Let's start with what has been the good news for your dinner table: There is no food shortage.
The bad news, however, is that farms have too much supply, and too little demand as restaurants and schools remain closed.
School kids aren't buying milk. Neither are coffee shops and restaurants. That's led some dairy producers to dump their milk before it's even picked up to be sold -- deepening an economic uncertainty for thousands of farmers during the coronavirus pandemic.
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“There has been some milk dumping and prices have been falling as co-ops have adjusted to those new markets,” said Lauren Williams, the national affairs director for the Farm Bureau. “So things aren't looking as positive as we like, so we continue to look for USDA for some support.”
Agriculture producers are also seeking more help from Congress as the pandemic has largely shuttered the restaurant industry ahead of the next federal relief bill that could be approved by the end of the month.
Farms are often hit harder than most sectors by an economic downturn. The pandemic has snarled and upended supply lines in a variety of industries, making agriculture no different.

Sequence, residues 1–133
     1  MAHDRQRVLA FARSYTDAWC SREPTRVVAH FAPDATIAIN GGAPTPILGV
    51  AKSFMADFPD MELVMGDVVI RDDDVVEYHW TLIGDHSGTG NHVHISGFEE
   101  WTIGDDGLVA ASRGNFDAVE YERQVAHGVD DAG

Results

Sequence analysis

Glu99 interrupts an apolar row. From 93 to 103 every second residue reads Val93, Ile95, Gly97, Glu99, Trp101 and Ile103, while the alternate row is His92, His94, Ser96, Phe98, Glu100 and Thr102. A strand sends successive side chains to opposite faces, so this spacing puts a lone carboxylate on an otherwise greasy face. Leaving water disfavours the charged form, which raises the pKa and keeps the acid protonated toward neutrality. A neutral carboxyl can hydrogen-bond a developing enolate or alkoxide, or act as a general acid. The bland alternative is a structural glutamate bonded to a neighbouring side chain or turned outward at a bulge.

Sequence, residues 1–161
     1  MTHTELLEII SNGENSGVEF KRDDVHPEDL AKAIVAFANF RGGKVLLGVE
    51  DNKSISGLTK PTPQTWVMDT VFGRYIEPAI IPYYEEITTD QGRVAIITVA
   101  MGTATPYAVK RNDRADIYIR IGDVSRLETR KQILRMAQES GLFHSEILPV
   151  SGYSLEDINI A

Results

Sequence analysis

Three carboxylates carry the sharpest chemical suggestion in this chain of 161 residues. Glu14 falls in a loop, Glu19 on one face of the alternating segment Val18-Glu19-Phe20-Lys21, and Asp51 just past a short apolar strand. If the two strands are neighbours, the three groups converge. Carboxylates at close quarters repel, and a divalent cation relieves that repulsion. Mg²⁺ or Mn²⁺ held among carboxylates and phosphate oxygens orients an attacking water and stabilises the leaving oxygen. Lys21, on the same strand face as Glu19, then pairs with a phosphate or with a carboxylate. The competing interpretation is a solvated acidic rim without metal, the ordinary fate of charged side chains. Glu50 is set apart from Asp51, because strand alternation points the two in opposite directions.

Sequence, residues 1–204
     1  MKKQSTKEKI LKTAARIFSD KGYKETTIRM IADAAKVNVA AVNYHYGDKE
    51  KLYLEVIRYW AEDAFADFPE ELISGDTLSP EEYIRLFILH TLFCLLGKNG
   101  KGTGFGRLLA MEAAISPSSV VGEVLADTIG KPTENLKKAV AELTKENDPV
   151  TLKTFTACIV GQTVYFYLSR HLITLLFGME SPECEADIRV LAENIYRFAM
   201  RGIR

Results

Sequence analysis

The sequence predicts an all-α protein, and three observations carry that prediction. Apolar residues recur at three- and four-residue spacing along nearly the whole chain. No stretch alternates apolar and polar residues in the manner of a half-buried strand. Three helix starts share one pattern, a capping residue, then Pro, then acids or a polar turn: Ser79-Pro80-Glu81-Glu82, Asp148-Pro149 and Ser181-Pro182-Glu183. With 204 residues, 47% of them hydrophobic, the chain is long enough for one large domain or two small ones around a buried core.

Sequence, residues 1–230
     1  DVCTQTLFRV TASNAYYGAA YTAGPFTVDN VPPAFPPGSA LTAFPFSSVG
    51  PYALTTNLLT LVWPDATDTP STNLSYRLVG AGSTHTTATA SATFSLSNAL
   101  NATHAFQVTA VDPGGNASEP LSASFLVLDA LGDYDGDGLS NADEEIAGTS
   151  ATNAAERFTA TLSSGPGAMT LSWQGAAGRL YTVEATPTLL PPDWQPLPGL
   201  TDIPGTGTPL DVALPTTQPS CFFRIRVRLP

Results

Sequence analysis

But the industry remains subject to other market whims, like trading conditions, which had already battered agriculture.
The heavy foot traffic in grocery stores by consumers loading up on food has not helped their bottom line.
“Transitioning from just fluid milk for grocery stores and school meals, we're also trying to allocate what's found in restaurants and switching processing around to do just bottled milk can be a bit of a challenge,” Williams said.
But consumers should not have to worry about hoarding food as a shortage of the nation's food supply does not exist.
“They're still able to produce crops and get them to market, so consumers shouldn't be able to see any shortage, which is a good thing,” Williams said.